Bushy Join Trees in Oracle 12.2

Posted in: Oracle, Technical Track

There are multiple optimizer features introduced in the Oracle Database 12.2 Release. Bushy Join Trees is the one that I’ll be demonstrating in this post.

First, I’ll create four tables with two indexes:

CREATE TABLE t1 AS SELECT rownum n1, rownum n2 FROM dual CONNECT BY  level <= 1000000;
CREATE TABLE t2 AS SELECT rownum n1, rownum n2 FROM dual CONNECT BY  level <= 100;
CREATE TABLE t3 AS SELECT rownum n1, rownum n2 FROM dual CONNECT BY  level <= 1000000;
CREATE TABLE t4 AS SELECT rownum n1, rownum n2 FROM dual CONNECT BY  level <= 100;
 
CREATE INDEX idx_t1 ON t1(n1);
CREATE INDEX idx_t3 ON t3(n1);

Now, I’ll run the next query:

SELECT * FROM t1, t2, t3, t4 WHERE t1.n1 = t2.n1 AND t3.n1 = t4.n1 AND t1.n2=t3.n2;

The most efficient “Bushy” execution plan for this query looks like the next one:

    -----HJ----- 
    |           |
    |           |
---NL---    ---NL---
|      |    |       |
T1     T2   T3      T4

This plan joins T1 and T2 tables by Nested Loop using idx_t1 index, joins T3 and T4 tables by Nested Loop using idx_t3 index and finally joins results of the previous joins by the Hash Join.
But Oracle has never been able to generate such execution plan automatically. You had to rewrite this query with subqueries and bunch of hints in order to force this kind of execution plan.

The following example shows the typical execution plan that Oracle can generate:

Execution Plan
----------------------------------------------------------
Plan hash VALUE: 1007837908
 
-----------------------------------------------------------------------------------------
| Id  | Operation		       | Name	| ROWS	| Bytes | Cost (%CPU)| TIME	|
-----------------------------------------------------------------------------------------
|   0 | SELECT STATEMENT	       |	|     1 |    32 |   888   (1)| 00:00:01 |
|*  1 |  HASH JOIN		       |	|     1 |    32 |   888   (1)| 00:00:01 |
|*  2 |   HASH JOIN		       |	|   100 |  2600 |   885   (1)| 00:00:01 |
|   3 |    NESTED LOOPS 	       |	|   100 |  1600 |   303   (0)| 00:00:01 |
|   4 |     NESTED LOOPS	       |	|   100 |  1600 |   303   (0)| 00:00:01 |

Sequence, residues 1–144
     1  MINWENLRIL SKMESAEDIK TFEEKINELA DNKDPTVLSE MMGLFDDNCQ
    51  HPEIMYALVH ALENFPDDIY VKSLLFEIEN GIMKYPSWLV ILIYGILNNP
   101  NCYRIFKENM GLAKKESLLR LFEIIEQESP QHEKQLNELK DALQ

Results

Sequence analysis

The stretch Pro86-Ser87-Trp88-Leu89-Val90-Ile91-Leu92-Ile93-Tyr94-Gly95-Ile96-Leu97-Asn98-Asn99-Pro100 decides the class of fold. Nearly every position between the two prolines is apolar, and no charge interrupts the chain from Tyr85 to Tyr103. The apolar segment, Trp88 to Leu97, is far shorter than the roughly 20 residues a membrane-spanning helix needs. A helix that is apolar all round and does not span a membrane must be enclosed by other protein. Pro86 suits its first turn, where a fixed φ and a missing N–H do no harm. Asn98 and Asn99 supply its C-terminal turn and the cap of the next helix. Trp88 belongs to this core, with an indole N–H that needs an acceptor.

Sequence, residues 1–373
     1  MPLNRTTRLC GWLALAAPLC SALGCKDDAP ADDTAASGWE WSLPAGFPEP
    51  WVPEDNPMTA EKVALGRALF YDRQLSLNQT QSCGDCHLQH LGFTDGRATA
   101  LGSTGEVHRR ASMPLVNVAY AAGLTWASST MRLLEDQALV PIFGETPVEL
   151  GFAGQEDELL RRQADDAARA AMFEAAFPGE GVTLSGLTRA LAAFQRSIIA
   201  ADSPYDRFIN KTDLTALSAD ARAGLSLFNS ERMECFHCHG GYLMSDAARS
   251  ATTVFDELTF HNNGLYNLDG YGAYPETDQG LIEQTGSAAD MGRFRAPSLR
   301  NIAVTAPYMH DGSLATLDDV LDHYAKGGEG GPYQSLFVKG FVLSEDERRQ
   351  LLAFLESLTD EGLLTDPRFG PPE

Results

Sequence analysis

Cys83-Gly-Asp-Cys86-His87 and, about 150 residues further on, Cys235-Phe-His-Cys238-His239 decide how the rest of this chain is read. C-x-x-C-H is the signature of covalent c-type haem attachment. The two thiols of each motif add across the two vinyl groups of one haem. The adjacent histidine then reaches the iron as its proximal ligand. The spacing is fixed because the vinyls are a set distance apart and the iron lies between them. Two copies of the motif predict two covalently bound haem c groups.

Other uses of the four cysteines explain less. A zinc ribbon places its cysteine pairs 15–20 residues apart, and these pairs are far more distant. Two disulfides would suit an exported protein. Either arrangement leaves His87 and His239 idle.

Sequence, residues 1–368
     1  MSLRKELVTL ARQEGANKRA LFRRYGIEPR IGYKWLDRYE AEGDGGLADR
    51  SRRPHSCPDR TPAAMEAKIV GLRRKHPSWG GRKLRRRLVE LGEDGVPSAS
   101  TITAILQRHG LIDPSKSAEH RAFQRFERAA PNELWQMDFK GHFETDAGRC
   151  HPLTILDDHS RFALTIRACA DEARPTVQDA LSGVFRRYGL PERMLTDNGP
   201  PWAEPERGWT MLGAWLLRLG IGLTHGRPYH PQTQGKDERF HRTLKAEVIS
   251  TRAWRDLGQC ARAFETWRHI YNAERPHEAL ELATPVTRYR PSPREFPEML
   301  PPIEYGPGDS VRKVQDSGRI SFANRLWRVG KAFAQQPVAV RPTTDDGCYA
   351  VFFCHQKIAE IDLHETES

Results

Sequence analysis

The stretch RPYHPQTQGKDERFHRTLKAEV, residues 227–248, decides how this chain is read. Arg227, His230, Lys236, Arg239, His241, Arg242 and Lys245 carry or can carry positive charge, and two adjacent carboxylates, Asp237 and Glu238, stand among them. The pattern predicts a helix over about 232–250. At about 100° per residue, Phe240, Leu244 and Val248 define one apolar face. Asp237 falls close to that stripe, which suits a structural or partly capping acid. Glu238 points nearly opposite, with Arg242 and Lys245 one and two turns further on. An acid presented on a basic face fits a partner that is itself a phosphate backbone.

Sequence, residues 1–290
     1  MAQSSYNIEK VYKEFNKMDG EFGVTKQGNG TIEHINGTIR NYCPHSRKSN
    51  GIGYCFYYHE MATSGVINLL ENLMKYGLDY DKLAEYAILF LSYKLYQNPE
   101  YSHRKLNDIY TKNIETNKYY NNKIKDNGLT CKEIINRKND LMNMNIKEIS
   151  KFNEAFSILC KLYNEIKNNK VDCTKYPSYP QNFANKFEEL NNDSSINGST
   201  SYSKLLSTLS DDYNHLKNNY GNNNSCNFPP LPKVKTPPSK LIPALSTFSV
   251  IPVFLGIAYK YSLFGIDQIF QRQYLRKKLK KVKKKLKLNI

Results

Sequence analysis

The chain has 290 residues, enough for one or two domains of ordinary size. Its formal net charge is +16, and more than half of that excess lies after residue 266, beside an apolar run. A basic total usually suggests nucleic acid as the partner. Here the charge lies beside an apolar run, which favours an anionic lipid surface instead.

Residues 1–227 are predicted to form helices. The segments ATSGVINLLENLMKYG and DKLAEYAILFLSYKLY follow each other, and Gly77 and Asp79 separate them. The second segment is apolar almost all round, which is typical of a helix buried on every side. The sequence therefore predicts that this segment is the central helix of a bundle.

|   5 |      TABLE ACCESS FULL	       | T2	|   100 |   600 |     3   (0)| 00:00:01 |
|*  6 |      INDEX RANGE SCAN	       | IDX_T1 |     1 |	|     2   (0)| 00:00:01 |
|   7 |     TABLE ACCESS BY INDEX ROWID| T1	|     1 |    10 |     3   (0)| 00:00:01 |
|   8 |    TABLE ACCESS FULL	       | T3	|  1000K|  9765K|   579   (1)| 00:00:01 |
|   9 |   TABLE ACCESS FULL	       | T4	|   100 |   600 |     3   (0)| 00:00:01 |
-----------------------------------------------------------------------------------------
 
Predicate Information (IDENTIFIED BY operation id):
---------------------------------------------------
 
   1 - access("T3"."N1"="T4"."N1")
   2 - access("T1"."N2"="T3"."N2")
   6 - access("T1"."N1"="T2"."N1")

We can see that a full T3 table scan and T3 table can be significantly large.

Oracle 12.2 has introduced new BUSHY_JOIN hint and bunch of hidden “_optimizer_bushy” parameters:
_optimizer_bushy_join
_optimizer_bushy_fact_min_size
_optimizer_bushy_fact_dim_ratio
_optimizer_bushy_cost_factor.

_optimizer_bushy_join parameter is ‘off’ by default and you have to set it to ‘on’ or to use a BUSHY_JOIN hint.

Let’s try with a hint:

SELECT   /*+ qb_name(main) BUSHY_JOIN(@"MAIN" ( "T1"@"MAIN"   "T2"@"MAIN" )) */
 * FROM t1, t2, t3, t4 WHERE t1.n1 = t2.n1 AND t3.n1 = t4.n1 AND t1.n2=t3.n2;
 
100 ROWS selected.
 
Execution Plan
----------------------------------------------------------
Plan hash VALUE: 1929967733
 
----------------------------------------------------------------------------------------------------
| Id  | Operation		       | Name		   | ROWS  | Bytes | Cost (%CPU)| TIME	   |
----------------------------------------------------------------------------------------------------
|   0 | SELECT STATEMENT	       |		   |   100 |  6800 |   606   (0)| 00:00:01 |
|*  1 |  HASH JOIN		       |		   |   100 |  6800 |   606   (0)| 00:00:01 |
|   2 |   NESTED LOOPS		       |		   |   100 |  1600 |   303   (0)| 00:00:01 |
|   3 |    NESTED LOOPS 	       |		   |   100 |  1600 |   303   (0)| 00:00:01 |
|   4 |     TABLE ACCESS FULL	       | T4		   |   100 |   600 |	 3   (0)| 00:00:01 |
|*  5 |     INDEX RANGE SCAN	       | IDX_T3 	   |	 1 |	   |	 2   (0)| 00:00:01 |
|   6 |    TABLE ACCESS BY INDEX ROWID | T3		   |	 1 |	10 |	 3   (0)| 00:00:01 |
|   7 |   VIEW			       | VW_BUSHY_D96D1B60 |   100 |  5200 |   303   (0)| 00:00:01 |
|   8 |    NESTED LOOPS 	       |		   |   100 |  1600 |   303   (0)| 00:00:01 |
|   9 |     NESTED LOOPS	       |		   |   100 |  1600 |   303   (0)| 00:00:01 |
|  10 |      TABLE ACCESS FULL	       | T2		   |   100 |   600 |	 3   (0)| 00:00:01 |
|* 11 |      INDEX RANGE SCAN	       | IDX_T1 	   |	 1 |	   |	 2   (0)| 00:00:01 |
|  12 |     TABLE ACCESS BY INDEX ROWID| T1		   |	 1 |	10 |	 3   (0)| 00:00:01 |
----------------------------------------------------------------------------------------------------
 
Predicate Information (IDENTIFIED BY operation id):
---------------------------------------------------
 
   1 - access("ITEM_1"="T3"."N2")
   5 - access("T3"."N1"="T4"."N1")
  11 - access("T1"."N1"="T2"."N1")

We can see VW_BUSHY_D96D1B60 internal view at step 7, and this is a definitely a “bushy” plan. The feature still is not enabled by default, but you don’t need to rewrite the query for a proper plan.

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